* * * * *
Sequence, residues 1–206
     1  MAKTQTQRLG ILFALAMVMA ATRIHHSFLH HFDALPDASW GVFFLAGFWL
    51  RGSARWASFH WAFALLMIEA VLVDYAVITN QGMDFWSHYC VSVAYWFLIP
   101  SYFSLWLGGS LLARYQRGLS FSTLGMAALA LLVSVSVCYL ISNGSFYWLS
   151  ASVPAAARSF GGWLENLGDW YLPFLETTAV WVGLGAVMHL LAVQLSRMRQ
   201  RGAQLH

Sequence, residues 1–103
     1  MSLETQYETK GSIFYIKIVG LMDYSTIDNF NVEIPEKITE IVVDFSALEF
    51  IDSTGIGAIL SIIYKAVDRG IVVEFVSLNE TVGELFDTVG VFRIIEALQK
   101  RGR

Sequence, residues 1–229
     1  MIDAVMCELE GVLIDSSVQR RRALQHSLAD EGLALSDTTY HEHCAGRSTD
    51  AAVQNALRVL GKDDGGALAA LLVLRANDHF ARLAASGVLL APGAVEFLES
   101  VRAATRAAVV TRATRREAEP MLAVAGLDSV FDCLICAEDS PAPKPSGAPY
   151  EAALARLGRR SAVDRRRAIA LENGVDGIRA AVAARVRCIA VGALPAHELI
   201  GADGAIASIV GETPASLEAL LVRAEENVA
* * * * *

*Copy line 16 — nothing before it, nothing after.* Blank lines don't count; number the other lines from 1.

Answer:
   201  GADGAIASIV GETPASLEAL LVRAEENVA